IV.       They acted paternally

Our worthy walk with God brings glory to God.

I.         They lived piously, devoutly hosiōs (Strong’s #3743)

Living piously-devoutly is the first of three adverbs Paul employs to describe his and the mission team’s ministry.  What is piety?  It is holy devotion; living in a manner that pleases God.  God gives to each of His children duties and responsibilities which must be carried out.  It is faithfulness to divine obligations. 

Piety is not some type of fake religious lifestyle but the genuine expression of fidelity (faithfulness) to God.  Paul and the missionaries’ holy devotion to the Thessalonian people and to God was witnessed by everyone thus, creating a desire to follow after God.  Read Psalm 15.

Our worthy walk with God brings glory to God.

A second godly action that defined Paul and the mission team’s godly lifestyle is…

II.        They lived righteously; dikaiōs (Strong’s 1346)

Living righteously is the second of three adverbs Paul employs to describe the team’s ministry among the Thessalonian people.  It simply means to “live rightly.”  Do the right thing.

It’s interesting to see how this word is used elsewhere in Scripture.  In Luke 23:41, one of the two thieves who were crucified next to Jesus said to the other that they were “justly” dikaiōs being condemned for their criminal activities.  In other words, the government and its laws were doing the right thing by executing these two thieves.

This account is, however, too precious to leave here.  Listen to the rest of the account (Luke 23:39-43 – ESV) so that you may hear the gospel.

      “One of the criminals who were hanged railed at Him, saying, Are you not the Christ?  Save Yourself and us! 

      “But the other rebuked him, saying, Do you not fear God, since you are under the same sentence of condemnation?  And we indeed justly, for we are receiving the due reward of our deeds; but this Man has done nothing wrong. 

      “And he said, Jesus, remember me when you come into Your Kingdom. 

      ‘And He said to him, Truly, I say to you, today you will be with Me in Paradise.’”

Like both criminals, each of us also deserves to be punished for our unrighteous lifestyles.  The Bible says that we have all sinned (Romans 3:23).  In other words, each of us has offended God and like sheep that go their own way, we, too, insist on our own lifestyle (Isaiah 53:6).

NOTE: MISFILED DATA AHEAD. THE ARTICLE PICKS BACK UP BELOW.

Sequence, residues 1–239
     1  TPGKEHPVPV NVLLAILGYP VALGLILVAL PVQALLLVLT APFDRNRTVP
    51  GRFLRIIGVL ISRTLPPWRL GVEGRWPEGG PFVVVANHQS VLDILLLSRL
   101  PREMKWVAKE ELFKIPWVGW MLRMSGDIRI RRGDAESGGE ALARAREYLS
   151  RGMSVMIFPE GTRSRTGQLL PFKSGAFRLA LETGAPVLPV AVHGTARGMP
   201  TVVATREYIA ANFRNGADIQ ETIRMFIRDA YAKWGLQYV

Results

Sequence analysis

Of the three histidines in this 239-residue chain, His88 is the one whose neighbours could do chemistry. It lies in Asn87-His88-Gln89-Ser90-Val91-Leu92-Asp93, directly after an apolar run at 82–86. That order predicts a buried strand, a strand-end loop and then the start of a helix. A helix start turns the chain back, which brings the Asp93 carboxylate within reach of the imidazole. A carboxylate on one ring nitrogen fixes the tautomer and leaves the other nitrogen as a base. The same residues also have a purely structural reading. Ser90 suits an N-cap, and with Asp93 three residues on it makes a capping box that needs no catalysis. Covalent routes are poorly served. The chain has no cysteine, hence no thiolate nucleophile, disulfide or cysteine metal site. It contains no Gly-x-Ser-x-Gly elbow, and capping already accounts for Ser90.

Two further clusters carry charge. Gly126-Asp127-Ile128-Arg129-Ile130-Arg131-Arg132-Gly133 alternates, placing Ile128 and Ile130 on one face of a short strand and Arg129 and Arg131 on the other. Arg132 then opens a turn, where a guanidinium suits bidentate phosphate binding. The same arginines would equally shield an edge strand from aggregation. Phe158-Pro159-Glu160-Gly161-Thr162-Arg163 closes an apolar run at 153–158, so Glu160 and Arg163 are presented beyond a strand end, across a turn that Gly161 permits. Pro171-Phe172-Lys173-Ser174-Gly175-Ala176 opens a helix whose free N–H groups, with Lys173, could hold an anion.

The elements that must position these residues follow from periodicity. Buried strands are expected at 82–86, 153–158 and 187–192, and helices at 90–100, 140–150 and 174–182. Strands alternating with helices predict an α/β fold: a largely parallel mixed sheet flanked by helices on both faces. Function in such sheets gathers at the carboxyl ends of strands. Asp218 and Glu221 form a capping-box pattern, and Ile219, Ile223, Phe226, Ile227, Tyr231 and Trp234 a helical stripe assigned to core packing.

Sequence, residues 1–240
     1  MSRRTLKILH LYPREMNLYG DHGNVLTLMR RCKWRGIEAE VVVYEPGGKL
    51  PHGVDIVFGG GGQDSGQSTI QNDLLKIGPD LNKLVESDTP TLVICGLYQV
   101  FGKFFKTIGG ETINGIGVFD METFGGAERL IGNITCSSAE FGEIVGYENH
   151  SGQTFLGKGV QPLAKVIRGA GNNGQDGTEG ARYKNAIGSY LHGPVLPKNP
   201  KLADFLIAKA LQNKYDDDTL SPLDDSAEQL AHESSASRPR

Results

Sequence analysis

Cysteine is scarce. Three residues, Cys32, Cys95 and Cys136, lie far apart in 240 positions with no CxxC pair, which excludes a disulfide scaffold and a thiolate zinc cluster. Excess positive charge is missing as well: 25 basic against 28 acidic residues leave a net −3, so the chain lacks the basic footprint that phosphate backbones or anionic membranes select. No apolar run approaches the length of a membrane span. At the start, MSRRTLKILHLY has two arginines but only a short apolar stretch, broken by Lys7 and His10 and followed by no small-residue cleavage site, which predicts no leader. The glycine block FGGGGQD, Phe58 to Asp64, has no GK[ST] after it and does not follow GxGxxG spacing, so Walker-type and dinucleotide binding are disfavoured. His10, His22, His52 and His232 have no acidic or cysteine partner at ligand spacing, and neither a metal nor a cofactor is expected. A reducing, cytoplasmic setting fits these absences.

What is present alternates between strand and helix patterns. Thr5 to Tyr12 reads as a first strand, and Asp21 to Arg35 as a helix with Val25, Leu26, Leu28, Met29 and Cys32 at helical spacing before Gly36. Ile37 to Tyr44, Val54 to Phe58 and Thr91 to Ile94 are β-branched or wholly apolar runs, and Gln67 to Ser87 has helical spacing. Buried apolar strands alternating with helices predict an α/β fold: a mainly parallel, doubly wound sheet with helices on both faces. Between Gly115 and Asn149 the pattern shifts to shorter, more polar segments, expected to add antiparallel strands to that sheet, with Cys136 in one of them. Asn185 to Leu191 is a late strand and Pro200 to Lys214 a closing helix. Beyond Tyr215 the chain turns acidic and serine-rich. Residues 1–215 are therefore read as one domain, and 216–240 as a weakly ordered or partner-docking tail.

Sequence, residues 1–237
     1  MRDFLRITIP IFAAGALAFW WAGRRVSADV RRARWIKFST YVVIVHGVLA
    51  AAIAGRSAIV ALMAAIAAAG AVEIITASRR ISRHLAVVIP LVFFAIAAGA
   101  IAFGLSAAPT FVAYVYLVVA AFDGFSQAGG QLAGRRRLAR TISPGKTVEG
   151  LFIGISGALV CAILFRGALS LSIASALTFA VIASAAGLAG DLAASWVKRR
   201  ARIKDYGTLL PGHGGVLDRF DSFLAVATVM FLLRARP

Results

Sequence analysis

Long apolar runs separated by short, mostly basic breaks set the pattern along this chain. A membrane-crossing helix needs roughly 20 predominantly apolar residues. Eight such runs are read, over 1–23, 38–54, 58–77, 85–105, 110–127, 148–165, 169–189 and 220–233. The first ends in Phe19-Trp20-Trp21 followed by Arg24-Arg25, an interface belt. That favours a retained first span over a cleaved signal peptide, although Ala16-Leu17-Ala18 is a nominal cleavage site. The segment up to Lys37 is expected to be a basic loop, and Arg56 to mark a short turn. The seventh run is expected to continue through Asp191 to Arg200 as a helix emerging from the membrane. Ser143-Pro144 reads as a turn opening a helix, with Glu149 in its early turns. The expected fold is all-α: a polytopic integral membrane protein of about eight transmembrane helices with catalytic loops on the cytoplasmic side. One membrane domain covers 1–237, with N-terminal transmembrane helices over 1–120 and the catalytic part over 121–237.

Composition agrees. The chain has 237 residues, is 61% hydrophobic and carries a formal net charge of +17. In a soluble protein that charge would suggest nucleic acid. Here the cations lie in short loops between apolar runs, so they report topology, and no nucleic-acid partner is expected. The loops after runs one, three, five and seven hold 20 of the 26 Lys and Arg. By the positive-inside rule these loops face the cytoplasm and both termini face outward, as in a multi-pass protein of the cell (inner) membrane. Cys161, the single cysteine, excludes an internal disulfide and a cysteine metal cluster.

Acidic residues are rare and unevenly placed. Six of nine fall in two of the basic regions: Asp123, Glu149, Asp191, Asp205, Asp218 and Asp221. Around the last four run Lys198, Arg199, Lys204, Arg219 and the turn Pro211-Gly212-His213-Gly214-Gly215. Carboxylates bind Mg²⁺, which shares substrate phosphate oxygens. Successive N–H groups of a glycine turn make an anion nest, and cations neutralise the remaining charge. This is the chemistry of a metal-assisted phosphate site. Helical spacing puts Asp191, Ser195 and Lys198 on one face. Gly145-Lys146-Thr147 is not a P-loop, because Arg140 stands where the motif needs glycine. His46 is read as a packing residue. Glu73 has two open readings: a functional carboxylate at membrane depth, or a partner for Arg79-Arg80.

It seems that the only time we call out to God is when we are faced with imminent danger, financial ruin, and terminal disease.  Remember the days following “9/11”?  It seemed that many people in our country called out to God; but in less than six months, it’s business as usual.  And as of today, we have moved further away from God.

Because of our sinful and self-directed way of living is offensive to God, God declares that our “wages” for our offensives against Him and others is spiritual death – separation from God forever in the Lake of Fire (Romans 6:23; Revelation 20). 

If God did not act on our behalf, no one would make it to heaven.  That is why Jesus Christ, the Son of God became a man, lived life righteously, became our substitutionary sacrifice on the cross for our sins by taking on our sin, shame, and guilt.

And most gloriously, Jesus was raised to life – proof that God had accepted His Son’s payment for our sins – a payment only God could pay.  The results:  Those who receive Christ by faith from God will experience no condemnation but an everlasting intimate relationship with God the Father and with His Son, Jesus Christ.

Our worthy walk with God brings glory to God.

We have seen that living piously and righteously are two actions that defined Paul and the mission team’s godly lifestyle.  Here is the third action:

III.      They lived blamelessly; amemptōs (Strong’s #274)

Living blamelessly is the third of three adverbs Paul employs to describe their lives and ministry among the Thessalonian people.  Living blameless means that there is no cause for silencing.  In the past, we have heard of televangelists whose secret sinful lifestyles became known.  Consequently, most people stopped listening to them.